AS: Well, there is always the threat of buying a big deep freeze and putting my family members in it when I'm sweating a deadline.  (I always promise to take them out and thaw them right afterward...)  We also have an iron clad rule in our family--if it's been touched by a utensil, it's home made! Seriously, it's a thin line for me between being bored and being over committed.  I don't think there's any one answer for everyone.  As much as I long for the ability to shut myself away for long hours and write non-stop, I know that my family, my business, and the concurrent responsibilies keep me grounded.  Deadlines are not allowed to make me miss one of my son's baseball games or one of my daughter's soccer games.  Now, cooking dinner or cleaning the house, that's totally different.

PS: Do you have any advice for other working mothers?

AS: 1.  Try to avoid writing true crime from personal experience!  As tempting as shooting your family members may be in the short term, REFRAIN!

2.  Remind yourself that your kids will get older, and though this will bring other complications, some things will get simpler.  Use rule number two when rule number one doesn't seem to make sense.

3.  Let your family members be invested in your success. I am fortunate in that my husband has always been supportive.  Each of my kids gets 10% of my royalties, and that transformed them from being supportive to being real advocates! (I'm just hoping that with the Anthony nomination it won't occur to them to renegotiate their contracts...)

4.  Become an expert in writing in bits and pieces.  If at all possible, purchase a lap top.  I can't emphasize the bits and pieces of my books that have been written while waiting to pick up kids.  My lap top goes just about everywhere with me, except in the pool.

PS: Can you share your reading taste with us?

AS: I tend to like more hard boiled mysteries, as long as there isn't graphic violence against children or animals--I find even if I love a book, I can't get past that. If I had to pick a subgenre, I would say that I like police procedurals best, but I also like some romantic suspense.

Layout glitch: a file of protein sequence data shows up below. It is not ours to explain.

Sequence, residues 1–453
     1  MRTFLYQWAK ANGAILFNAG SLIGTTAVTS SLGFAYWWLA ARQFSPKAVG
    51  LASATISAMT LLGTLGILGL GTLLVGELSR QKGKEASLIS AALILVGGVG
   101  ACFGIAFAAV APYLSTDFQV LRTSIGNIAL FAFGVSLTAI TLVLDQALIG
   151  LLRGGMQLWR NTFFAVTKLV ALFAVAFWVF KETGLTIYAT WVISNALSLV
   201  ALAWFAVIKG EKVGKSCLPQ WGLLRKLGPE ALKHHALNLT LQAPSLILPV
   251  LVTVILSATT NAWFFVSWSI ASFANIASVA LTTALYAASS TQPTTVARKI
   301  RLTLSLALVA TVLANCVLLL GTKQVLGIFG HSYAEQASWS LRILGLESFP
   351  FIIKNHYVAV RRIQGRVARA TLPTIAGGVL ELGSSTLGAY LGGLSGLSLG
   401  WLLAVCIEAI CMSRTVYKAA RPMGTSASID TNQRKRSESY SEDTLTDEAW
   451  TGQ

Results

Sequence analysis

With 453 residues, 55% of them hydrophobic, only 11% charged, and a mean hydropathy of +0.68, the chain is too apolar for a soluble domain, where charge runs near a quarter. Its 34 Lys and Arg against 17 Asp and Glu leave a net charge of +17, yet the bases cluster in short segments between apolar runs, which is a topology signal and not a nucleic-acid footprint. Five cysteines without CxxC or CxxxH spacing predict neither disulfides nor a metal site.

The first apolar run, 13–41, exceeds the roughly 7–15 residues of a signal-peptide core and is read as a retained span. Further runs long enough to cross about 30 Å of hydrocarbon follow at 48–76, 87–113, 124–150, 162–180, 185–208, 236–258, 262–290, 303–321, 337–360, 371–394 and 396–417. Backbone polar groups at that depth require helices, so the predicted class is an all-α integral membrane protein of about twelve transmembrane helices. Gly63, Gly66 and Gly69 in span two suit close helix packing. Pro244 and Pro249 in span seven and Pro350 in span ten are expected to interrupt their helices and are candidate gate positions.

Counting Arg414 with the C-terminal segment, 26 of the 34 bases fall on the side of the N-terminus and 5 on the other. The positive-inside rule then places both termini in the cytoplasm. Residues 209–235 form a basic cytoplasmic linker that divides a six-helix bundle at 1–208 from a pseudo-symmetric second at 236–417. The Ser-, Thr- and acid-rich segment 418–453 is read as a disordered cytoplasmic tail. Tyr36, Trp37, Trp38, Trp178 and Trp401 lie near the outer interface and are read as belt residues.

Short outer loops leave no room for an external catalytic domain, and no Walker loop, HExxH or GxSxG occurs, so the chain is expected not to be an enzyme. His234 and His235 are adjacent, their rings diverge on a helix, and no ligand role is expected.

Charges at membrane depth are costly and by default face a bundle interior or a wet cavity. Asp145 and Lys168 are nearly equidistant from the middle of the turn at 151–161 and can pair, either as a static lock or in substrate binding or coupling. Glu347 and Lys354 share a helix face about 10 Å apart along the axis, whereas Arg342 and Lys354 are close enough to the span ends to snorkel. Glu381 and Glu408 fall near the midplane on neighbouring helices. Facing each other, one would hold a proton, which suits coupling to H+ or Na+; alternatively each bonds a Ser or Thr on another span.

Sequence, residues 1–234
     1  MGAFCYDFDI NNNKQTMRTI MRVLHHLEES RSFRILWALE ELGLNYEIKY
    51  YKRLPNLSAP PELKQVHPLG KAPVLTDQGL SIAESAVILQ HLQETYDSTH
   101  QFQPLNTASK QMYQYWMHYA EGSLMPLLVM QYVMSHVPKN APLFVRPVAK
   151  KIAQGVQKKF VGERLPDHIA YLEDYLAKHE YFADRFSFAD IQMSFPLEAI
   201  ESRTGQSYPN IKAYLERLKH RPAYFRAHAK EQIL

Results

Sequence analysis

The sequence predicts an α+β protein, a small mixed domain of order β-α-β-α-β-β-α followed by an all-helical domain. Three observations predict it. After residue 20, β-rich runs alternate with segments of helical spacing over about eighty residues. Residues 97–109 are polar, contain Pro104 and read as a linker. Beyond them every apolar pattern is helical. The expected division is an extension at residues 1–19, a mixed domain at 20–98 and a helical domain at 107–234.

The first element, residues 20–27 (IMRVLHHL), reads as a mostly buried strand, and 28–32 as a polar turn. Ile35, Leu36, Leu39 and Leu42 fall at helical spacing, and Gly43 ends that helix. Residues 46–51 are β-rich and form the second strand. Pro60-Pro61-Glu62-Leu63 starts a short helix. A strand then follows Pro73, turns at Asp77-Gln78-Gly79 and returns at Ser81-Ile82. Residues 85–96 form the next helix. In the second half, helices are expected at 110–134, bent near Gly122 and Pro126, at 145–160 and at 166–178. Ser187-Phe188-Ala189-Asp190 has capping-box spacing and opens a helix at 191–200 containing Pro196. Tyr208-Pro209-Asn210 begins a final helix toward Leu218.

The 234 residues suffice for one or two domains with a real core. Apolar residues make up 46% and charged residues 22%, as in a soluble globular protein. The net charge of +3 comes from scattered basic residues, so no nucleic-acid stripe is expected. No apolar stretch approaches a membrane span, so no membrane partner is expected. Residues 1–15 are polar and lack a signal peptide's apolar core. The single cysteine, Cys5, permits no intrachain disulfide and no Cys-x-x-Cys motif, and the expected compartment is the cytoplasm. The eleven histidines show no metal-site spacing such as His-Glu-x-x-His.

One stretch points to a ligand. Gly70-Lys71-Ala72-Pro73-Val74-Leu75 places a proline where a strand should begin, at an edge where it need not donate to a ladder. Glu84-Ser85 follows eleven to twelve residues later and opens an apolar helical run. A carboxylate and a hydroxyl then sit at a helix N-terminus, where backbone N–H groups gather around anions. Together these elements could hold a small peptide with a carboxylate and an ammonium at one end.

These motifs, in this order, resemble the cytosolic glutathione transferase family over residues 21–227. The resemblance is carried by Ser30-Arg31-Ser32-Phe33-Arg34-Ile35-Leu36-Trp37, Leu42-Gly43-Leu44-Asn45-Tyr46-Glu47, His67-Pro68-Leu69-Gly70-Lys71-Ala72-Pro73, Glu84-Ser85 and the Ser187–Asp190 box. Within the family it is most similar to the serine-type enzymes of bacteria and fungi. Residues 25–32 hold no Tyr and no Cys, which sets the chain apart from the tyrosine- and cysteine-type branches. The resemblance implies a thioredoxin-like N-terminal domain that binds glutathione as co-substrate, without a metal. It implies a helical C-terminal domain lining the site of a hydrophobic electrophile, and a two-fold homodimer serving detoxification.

PS: Do you have a favorite author?

AS: My VERY favorite is James Lee Burke, but then I'm a Southerner through and through.  Other favorites--PD James, Carol O'Connell, Martha Grimes, Julie Smith (Skip Langdon series), Elizabeth George, Sanford who writes the Lucas Davenport series, Charlaine Harris (Lily Bard series), Les Standiford, and Jane Rubino, who is another Write Way author.  (Sometimes I remember the character name and not the  author, it's the creeping senility of being, ummm, 36.5 years old...)

PS: One more question, do you have a favorite part in  "Affirmative Reaction"  that you would like to share with us?

AS: When ENGINEERED FOR MURDER was published, a practical joker traffic engineer that we do work with called me up and left a message supposedly from one of the book's less desirable characters.  I went nuts thinking I had unintentionally named this jerky guy after someone who was an engineer and lived and practiced in Florida.  Then I realized who the call really was from, and talked to the guy.  He told me that he liked the book except for two facts--I didn't kill any architects (!!!) and there was no Hero Traffic Engineer.  I told him that I didn't know any Hero Traffic Engineers, and I could only write what I know!  Then, I recanted, and in AFFIRMATIVE REACTION  there is actually a chapter named "The Hero Traffic Engineer."


Her Books

Mystery Fiction

MURDER, MAYHEM, AND MISTLETOE by Terence Faherty, Bill Crider, Aileen Schumacher



A Taste of Murder: Diabolically Delicious Recipes from Contemporary Mystery Writers by Jo Grossman, Robert Weibezahl (Contributed to it)

Guide to Hazardous Materials Management: Physical Characteristics, Federal Regulations and Response Alternatives

1999's Honorary List